Allison Knee: Neglecting to properly teach financial literacy is doing young Canadians a massive disservice

Why is our education system neglecting skills fundamental to navigating the world?
People make their way past the Bank of Montreal (BMO) building in the Financial District of Toronto, Monday, Aug. 14, 2023. Spencer Colby/The Canadian Press.

When I was in school, economics and finance courses weren’t required, or even offered, despite there being a selection of elective offerings available to take. As a result, I didn’t know much about personal finance at the time. Or investing. Or economics. Or business. I had very little knowledge about these topics until university. The question is, when do people usually learn about finance? Do they ever? 

All Canadians feel the real effects of things like inflation, interest rates, credit, loans, and taxes, but many people have a limited understanding of how these things work. According to a survey conducted by TD, one in three Canadian parents aren’t confident they’re setting a healthy financial example for their children, and only 10 percent of them consider their household to be in “excellent” financial health. 

Are you familiar with the terms risk diversification, inflation, numeracy, and interest compounding? These four concepts are the foundation for Standard & Poor’s definition of financial literacy. If you weren’t taught about them or didn’t understand these things in school, you would not have been considered financially literate. When I graduated from high school, I wasn’t. Canada should seek to change this.

By implementing or enhancing financial literacy programs in Canadian high schools, more informed financial decisions could be made. The COVID-19 pandemic’s influence on the economy, including high interest and inflation rates, means that a focus on financial literacy is more important than ever for today’s youth.

Canadian high schoolers are taught financial literacy differently in each province. Some provinces, like Newfoundland and Labrador and Prince Edward Island, have career development courses that include some finance concepts. Others include these concepts in mathematics and social studies courses. Some provinces utilize “financial literacy days” as their main source of financial education. 

While these programs are a good start, more needs to be done; more uniform programs could be adopted Canada-wide, and finance should be a requirement like math, English, and science. These changes could take the form of additions to current social studies and career development programs or through the creation of new educational requirements through new finance courses.

Research also shows that when such programs are implemented, they work. A survey conducted in 2009 found that students who participated in required financial education programs were more likely to display positive financial behaviours such as saving and not maxing out credit cards. They were less likely to make late credit card payments, more likely to pay off credit card balances in full each month, more likely to take average financial risk, and less likely to become compulsive buyers. A study published in 2019 showed that mandating financial education requirements significantly reduced younger borrowers’ chances of accepting high interest payday loans.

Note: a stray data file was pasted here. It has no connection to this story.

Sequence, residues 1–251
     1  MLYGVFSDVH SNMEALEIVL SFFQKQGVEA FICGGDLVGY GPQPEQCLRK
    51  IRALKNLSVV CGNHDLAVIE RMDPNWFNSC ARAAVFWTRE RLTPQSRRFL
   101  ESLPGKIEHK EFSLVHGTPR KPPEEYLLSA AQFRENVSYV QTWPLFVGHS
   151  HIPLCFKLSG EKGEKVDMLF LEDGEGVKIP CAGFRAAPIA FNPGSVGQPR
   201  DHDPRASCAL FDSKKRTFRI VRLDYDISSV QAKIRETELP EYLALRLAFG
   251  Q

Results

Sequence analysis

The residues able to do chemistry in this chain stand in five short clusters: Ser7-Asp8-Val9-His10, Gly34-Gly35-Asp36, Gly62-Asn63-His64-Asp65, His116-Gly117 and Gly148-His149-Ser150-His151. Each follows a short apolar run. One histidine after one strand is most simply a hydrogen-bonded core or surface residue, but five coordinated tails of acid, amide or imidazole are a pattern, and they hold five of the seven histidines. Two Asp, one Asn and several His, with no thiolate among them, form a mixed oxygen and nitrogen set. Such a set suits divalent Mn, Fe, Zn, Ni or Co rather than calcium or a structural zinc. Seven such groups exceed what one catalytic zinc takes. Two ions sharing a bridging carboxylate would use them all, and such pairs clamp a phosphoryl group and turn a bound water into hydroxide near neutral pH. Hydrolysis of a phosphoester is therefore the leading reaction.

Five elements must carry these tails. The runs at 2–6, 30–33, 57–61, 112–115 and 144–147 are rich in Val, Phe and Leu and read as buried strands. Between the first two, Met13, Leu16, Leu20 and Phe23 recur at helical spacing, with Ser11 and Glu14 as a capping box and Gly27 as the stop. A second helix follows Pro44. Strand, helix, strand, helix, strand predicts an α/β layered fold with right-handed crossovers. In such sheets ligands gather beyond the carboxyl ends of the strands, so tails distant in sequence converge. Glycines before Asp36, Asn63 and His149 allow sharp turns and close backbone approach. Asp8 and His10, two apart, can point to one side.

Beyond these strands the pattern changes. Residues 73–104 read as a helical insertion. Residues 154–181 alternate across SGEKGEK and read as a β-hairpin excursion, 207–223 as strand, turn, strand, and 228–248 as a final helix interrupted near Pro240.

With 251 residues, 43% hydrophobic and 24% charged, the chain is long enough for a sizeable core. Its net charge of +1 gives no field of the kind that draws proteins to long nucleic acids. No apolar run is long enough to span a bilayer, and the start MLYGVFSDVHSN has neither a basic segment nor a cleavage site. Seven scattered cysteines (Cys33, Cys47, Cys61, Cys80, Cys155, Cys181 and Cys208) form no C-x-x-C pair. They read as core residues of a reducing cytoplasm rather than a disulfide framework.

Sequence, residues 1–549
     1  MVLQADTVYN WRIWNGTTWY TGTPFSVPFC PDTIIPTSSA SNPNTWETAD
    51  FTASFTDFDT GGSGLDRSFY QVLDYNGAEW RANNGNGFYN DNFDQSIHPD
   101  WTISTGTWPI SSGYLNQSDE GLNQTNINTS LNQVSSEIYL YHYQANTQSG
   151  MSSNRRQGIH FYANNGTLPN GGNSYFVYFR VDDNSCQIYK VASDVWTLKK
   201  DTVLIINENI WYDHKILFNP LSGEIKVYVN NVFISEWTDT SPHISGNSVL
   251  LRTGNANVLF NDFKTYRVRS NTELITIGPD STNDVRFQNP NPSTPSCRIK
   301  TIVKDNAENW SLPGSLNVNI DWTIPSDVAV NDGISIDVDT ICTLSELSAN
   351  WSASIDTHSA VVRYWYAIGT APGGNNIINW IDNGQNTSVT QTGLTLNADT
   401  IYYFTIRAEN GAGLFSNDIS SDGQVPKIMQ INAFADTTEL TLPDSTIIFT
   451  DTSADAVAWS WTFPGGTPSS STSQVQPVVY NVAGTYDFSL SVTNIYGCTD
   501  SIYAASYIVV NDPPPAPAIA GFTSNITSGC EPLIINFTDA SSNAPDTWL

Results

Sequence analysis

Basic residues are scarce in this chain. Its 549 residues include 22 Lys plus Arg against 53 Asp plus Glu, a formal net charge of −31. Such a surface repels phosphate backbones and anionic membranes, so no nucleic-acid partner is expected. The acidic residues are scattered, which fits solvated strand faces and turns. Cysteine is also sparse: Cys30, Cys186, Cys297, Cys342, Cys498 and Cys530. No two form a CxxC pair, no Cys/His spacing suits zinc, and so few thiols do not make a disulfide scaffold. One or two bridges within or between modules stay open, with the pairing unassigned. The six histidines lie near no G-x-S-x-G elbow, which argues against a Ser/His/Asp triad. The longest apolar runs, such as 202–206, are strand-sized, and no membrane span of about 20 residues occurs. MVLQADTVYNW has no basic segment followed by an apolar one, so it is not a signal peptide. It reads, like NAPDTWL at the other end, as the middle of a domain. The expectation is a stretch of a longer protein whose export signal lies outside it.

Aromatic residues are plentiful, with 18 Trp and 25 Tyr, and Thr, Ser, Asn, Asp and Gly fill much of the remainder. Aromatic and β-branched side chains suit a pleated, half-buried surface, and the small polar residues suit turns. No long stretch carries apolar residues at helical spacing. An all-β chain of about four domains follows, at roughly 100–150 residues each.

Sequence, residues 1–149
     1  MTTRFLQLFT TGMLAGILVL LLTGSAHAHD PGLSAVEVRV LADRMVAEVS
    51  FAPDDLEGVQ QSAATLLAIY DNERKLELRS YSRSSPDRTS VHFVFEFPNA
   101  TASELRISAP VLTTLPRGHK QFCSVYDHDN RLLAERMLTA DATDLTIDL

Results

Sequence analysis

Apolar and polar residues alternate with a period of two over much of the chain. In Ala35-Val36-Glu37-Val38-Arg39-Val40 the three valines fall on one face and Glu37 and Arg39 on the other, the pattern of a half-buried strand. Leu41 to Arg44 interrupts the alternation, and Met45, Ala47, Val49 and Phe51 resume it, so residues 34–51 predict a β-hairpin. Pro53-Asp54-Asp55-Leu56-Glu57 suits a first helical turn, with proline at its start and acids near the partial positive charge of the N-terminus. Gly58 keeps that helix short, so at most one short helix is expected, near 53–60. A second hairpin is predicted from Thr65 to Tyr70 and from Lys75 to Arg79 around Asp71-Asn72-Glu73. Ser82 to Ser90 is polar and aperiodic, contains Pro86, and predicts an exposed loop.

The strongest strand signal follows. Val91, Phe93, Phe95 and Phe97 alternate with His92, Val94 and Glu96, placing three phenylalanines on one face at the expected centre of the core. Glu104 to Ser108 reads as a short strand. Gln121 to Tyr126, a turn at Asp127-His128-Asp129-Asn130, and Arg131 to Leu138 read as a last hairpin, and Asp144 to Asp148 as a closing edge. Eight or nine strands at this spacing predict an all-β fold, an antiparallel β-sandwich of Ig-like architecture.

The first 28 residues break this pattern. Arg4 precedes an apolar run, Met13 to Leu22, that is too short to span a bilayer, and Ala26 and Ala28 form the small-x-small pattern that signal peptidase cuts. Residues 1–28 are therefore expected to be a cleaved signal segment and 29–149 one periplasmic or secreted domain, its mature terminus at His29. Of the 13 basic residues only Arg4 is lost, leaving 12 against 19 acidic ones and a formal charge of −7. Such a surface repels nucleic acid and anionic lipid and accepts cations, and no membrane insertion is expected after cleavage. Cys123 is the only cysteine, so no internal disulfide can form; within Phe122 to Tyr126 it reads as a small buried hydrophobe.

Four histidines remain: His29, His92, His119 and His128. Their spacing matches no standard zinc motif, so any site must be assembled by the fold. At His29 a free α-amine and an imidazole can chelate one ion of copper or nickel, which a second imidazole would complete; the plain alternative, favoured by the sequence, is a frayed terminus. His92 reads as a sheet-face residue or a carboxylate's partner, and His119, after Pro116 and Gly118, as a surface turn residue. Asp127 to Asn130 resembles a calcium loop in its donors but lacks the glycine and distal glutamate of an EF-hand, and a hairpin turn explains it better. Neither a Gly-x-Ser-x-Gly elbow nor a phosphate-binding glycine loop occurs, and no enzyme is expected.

Another study published in 2020 showed a significant link between financial education programs and fewer defaults and higher credit scores among young adults in the USA. This study states that:

The state’s policy allows affected students to consume more of their income in future periods and spend less on borrowing costs. These policies may potentially be a benefit for lenders as well, by allowing them to avoid collections and loan write-off costs.

There are other benefits to teaching young adults more about finance as well, such as the benefits derived from investing earlier in life via compounding returns. It is clear from the evidence that emphasizing financial literacy and offering these programs to people helps them make smarter financial decisions, and understand what they’re getting into when making choices on loans produces better individual and collective outcomes when it comes to household finances. In today’s environment of increasing interest rates, this is an important point: people should be informed of what these increases mean, and how they should affect their borrowing (and investing) choices. 

An important consideration when it comes to implementing financial literacy into school systems is making these programs interesting and relatable to students, as well as encouraging them to see the importance and applicability of it to their lives. It needs to be made into something that students will care about and pay attention to. Learning about current topics, using interactive learning tools, and tailoring the curriculum to geographic regions and the interests of individual students would be useful in this regard. 

Household economics and personal finance are important topics with day-to-day relevance. Inflation, interest rates, investing, cost of living, and borrowing are things that frequently change, are influenced in complicated ways by current events, and are massively impactful on everyone’s lives. Students should have the opportunity to ask questions and explore these concepts early on in a structured learning environment. They, and Canada overall, would greatly benefit from a more financially literate society.

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